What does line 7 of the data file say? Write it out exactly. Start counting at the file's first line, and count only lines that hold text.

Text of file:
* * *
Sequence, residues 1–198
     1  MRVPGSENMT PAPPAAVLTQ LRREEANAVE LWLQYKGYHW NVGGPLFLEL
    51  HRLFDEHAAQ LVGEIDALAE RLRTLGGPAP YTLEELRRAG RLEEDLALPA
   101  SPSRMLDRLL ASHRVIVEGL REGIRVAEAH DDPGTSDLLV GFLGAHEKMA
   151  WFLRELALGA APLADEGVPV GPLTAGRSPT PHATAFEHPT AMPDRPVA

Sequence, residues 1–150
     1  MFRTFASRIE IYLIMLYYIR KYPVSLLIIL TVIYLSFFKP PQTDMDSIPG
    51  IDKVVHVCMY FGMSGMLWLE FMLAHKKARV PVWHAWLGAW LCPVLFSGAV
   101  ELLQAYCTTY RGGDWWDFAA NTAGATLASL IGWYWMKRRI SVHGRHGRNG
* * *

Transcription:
     1  MFRTFASRIE IYLIMLYYIR KYPVSLLIIL TVIYLSFFKP PQTDMDSIPG